Indiana High School sign 2016-001

The look of the education system in the Indiana Area School District when school bells ring — or when Google classroom apps pop open — on Sept. 8 was left as undefined Monday as it was in June, as school officials said some time will be needed for the administration to yet again devise a plan in response to a change in state guidelines.

Barely eight hours after Gov. Tom Wolf issued recommendations for Pennsylvania schools’ use of in-person or online learning for reopening, now based on trends in COVID-19 cases and positive testing in each county, District Superintendent Michael Vuckovich told board members and an online viewing audience numbering about 60 that his team will work again to answer state requirements.

Under Wolf’s guidance, Indiana County is statistically categorized as an area of moderate community transmission of coronavirus. The recommendation, short of a mandate, is for schools to offer at least half-time virtual learning for all students.

Vuckovich reiterated, as he had mentioned in a digital message to parents earlier Monday afternoon through email, social media and the district website, that he had sympathy and empathy for all whose own plans for the school year have been upset by the latest change.

Vuckovich emphasized that the governor’s guidance was only a recommendation.

“His recommendations could have impact on us and we are currently looking at different options for updating the school year based on that recommendation based on those metrics,” Vuckovich told the school board.

“But those recommendations and metrics would have been helpful to us in June. It would have been helpful for us to build our plan. We built a plan that was based on flexibility and will adhere to that plan as they use low, moderate and substantial similar to our (green, yellow and red.) Based on those numbers, we now have to take those things into consideration. We have some work to do.

“We have to wait for (Pennsylvania Department of Education) to provide clarity. We have some work to do with Intermediate Unit No. 28 and our sisters schools in Indiana County because it affects everyone,” Vuckovich said. “We’re going to need time to plan and we’re going to look for the next several days at what we have to re-engineer and come forward within our committee meetings to talk about these issues.

“I apologize for all the meetings and the emails to our families, but I stand behind the fact that we value transparency.”

While board members made plans to take up the revisions at scheduled committee sessions in the coming weeks, the directors voted to allow students to continue their voluntary preparation for fall extracurricular activities and sports, with the football program’s preconditioning and exercise programs that already are under way, held as the example of the limit on what school officials may allow. The district’s official opening of football practice has formally been delayed by orders from Pennsylvania Interscholastic Athletic Association (PIAA), the fate of the fall schedule of interscholastic competition for football and other teams was left in limbo and not the subject of discussion.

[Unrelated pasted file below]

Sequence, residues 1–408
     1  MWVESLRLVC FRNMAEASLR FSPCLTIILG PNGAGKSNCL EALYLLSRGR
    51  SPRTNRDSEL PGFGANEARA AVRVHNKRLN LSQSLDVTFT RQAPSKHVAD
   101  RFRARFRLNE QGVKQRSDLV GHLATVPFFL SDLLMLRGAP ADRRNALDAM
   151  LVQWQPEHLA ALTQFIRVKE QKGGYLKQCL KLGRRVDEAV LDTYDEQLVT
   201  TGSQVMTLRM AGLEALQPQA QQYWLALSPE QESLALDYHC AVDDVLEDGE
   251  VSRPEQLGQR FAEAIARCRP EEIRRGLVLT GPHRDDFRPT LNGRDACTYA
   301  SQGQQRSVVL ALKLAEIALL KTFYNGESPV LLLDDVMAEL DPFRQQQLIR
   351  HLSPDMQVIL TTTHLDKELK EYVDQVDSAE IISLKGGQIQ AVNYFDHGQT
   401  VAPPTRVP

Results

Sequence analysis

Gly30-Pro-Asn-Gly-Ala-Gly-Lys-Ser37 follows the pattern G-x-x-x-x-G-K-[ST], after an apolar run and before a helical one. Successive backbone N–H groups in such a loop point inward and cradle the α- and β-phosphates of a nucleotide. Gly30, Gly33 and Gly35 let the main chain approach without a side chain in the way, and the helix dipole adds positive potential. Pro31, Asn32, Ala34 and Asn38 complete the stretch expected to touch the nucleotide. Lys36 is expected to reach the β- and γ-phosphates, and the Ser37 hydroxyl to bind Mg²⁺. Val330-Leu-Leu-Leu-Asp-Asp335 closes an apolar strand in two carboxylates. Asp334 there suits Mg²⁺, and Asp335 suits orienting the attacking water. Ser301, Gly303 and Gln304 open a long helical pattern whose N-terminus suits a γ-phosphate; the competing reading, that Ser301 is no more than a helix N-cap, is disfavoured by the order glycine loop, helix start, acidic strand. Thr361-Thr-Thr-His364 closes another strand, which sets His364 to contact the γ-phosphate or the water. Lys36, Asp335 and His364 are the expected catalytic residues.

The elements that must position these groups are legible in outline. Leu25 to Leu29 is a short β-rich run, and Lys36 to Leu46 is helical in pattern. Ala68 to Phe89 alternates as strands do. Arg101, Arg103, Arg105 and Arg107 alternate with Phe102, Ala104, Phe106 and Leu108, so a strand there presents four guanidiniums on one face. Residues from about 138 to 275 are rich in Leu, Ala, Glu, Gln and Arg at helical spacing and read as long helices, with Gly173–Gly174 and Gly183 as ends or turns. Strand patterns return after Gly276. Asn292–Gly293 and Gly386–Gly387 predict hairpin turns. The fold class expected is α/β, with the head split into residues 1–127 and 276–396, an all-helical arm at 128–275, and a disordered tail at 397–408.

While school board member Thomas Harley earlier Monday said the district’s shift into a restricted level of learning for the fall signaled the cancellation of sports programs, Vuckovich said a formal decision would follow additional advice expected within the next few weeks from Harrisburg.

“Sports are not canceled at this time and we are hopeful that we will be able to provide extracurricular activities for our students,” Vuckovich said following the meeting. “We will continue to proceed with the voluntary student participation in extracurricular activities/summer conditioning while adhering to the IASD Athletics and Extracurricular Plan. When more information becomes available, we will be sure to review it all in its entirety and communicate accordingly. At this time, we want to allow the PIAA and Governor’s Office to conduct their meetings and we will wait for further guidance.”

Harley cited a “Recreation & Park Facility Reopening Guidelines” report issued by Pennsylvania Recreation & Parks Society and based on commonwealth-issued guidelines including the governor’s “Process to Reopen Pennsylvania,” and held to his position that fall sports would be scrapped.

“When you look at the phases and their restrictions, for example in the Football and Soccer guidelines, they have a Phase Out with no restrictions, they have a Green Phase which also has no restrictions and a Yellow Phase where organized team sports are not permitted,” Harley said. “It isn’t a stretch to see that the yellow phase is what has been imposed across Pennsylvania and on IASD today.”

Staff Writer/Web Editor

Chauncey Ross represents the Gazette at the county courthouse; Indiana Area and Homer-Center schools; Blairsville, Homer City, Clymer, Center and Burrell; and is something of an Open Records, Right to Know and Sunshine Law advocate in the newsroom.